Eminent Domain Abuse and Civil Forfeiture

October 22, 2015 | 5:00 pm - 6:00 pm | Broyhill Auditorium, 1834 Wake Forest Rd, Winston-Salem, NC 27106

Two of the Biggest Threats to Private Property Rights in America Today

Scott Bullock 2.5Scott Bullock joined the Institute for Justice at its founding in 1991 and now serves as a senior attorney. He argued the landmark case, Kelo v. City of New London, one of the most controversial and widely discussed U.S. Supreme Court decisions in decades. Among his work on other constitutional issues, Bullock represented the monks of St. Joseph Abbey in their challenge to a Louisiana law that prevented them from selling hand-made wooden caskets. That case led to a landmark decision by the 5th Circuit Court of Appeals protecting economic liberty. He has published articles in the New York Times and the Wall Street Journal and he has appeared on 60 Minutes, ABC Nightly News, and National Public Radio, among many other publications and broadcasts.

Mr. Bullock will address the issue of Eminent domain, the power of the government to take private property for a “public use” such as bridges and roads. In the 1990s and early 2000s, local governments increasingly used eminent domain for private development. In Kelo v. New London the U.S. Supreme Court ruled that the government could condemn homes and businesses, not for general public use but to hand them over to private developers for the ‘betterment of the community.’ As a result of the Kelo case, 44 states passed laws prohibiting a repeat of such an event in their states.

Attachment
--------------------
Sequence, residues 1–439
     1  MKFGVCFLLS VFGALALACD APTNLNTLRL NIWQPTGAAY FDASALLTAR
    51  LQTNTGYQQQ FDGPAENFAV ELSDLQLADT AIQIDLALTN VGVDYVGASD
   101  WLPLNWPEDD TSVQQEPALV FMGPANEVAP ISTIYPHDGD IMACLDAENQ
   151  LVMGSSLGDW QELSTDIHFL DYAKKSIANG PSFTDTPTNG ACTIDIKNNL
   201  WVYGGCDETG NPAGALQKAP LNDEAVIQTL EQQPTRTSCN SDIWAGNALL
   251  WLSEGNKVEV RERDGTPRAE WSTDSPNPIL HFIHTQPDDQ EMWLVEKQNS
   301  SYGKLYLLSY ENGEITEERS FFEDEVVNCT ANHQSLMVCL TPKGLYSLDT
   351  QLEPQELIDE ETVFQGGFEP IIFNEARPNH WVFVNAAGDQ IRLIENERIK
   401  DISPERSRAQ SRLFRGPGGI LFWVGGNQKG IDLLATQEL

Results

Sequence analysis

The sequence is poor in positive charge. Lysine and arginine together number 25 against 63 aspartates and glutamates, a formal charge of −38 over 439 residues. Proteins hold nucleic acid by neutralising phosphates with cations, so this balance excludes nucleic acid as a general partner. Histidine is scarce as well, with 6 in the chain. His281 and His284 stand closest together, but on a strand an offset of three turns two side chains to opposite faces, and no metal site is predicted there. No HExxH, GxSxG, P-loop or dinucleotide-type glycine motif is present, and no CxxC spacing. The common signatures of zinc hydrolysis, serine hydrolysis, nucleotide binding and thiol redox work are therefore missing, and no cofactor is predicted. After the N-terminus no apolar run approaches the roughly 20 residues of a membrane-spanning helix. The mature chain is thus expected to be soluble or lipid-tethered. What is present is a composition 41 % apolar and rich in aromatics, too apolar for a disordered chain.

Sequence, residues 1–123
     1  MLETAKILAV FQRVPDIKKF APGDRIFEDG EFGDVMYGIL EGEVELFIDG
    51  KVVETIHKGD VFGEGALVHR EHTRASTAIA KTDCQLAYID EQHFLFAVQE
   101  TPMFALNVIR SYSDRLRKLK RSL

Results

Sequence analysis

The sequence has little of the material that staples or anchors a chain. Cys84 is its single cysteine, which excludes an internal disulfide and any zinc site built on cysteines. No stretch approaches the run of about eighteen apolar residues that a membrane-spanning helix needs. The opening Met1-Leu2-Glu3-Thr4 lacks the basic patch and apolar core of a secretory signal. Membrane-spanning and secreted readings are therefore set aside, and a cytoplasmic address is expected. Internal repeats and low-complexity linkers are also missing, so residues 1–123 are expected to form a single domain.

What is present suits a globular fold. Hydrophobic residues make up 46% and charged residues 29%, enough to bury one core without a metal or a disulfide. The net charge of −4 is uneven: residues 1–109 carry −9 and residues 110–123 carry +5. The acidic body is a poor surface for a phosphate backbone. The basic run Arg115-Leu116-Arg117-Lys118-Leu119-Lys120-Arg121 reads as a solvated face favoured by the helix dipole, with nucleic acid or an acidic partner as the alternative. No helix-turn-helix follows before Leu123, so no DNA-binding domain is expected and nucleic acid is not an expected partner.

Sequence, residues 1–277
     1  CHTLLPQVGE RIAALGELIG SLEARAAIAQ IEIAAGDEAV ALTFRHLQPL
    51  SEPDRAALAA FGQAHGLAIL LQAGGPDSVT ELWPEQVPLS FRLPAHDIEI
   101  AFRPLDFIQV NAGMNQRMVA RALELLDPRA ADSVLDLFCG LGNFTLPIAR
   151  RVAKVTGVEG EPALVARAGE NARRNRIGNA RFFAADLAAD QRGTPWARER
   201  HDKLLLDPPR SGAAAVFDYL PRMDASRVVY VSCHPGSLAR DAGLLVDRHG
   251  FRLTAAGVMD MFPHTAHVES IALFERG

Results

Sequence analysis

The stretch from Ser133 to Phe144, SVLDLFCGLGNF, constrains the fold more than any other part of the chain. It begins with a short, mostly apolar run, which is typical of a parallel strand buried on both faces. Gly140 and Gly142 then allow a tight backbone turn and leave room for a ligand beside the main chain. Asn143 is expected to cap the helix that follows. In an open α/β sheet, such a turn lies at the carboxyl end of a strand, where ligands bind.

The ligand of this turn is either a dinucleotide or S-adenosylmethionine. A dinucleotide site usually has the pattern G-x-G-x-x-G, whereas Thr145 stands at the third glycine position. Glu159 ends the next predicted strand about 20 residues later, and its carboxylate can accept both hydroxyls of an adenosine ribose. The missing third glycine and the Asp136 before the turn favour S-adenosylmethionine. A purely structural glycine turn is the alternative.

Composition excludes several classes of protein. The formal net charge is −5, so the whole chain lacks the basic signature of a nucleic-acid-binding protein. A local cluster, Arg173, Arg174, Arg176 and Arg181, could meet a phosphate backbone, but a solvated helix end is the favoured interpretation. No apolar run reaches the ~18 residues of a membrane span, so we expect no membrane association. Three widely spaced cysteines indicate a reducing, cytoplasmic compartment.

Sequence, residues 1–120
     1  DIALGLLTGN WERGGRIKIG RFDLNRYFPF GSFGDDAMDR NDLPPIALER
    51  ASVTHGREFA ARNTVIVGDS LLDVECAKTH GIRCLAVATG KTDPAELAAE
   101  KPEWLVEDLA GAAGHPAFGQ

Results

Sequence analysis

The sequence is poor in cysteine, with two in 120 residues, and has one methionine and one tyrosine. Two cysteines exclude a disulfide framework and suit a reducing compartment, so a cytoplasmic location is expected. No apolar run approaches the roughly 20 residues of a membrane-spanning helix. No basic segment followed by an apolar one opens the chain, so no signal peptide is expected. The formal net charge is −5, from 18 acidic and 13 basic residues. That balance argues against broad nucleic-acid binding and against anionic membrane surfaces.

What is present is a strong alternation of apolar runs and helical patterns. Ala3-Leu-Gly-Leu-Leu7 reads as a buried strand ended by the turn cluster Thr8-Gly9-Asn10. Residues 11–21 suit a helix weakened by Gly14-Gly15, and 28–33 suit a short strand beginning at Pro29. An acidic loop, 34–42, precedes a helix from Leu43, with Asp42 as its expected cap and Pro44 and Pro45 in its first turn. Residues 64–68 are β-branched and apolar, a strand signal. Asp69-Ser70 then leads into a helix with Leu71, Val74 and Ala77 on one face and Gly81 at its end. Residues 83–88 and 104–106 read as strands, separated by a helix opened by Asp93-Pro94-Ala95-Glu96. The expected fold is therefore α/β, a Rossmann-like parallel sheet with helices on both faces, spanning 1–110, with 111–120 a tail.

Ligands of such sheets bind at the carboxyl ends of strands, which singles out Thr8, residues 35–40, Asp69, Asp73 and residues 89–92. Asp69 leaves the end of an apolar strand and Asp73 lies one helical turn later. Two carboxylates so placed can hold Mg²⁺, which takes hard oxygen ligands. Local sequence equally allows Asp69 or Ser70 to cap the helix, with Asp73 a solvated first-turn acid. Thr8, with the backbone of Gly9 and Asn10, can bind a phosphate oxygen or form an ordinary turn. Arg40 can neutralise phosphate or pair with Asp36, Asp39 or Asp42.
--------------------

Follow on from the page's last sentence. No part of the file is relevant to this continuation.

Civil forfeiture allows law enforcement to seize and keep or sell private property alleged to have been involved in a crime. Owners need not ever have been arrested or convicted of a crime in order for their cash, cars, or even real estate to be taken away permanently by the government. Forfeiture was originally presented as a way to cripple large-scale criminal enterprises by diverting their resources. But today, aided by deeply flawed federal and state laws, many police departments use forfeiture to benefit their bottom lines, making seizures motivated by profit rather than crime-fighting.

Mr. Bullock will be speaking at the Wake Forest University School of Business, in the Broyhill Auditorium.

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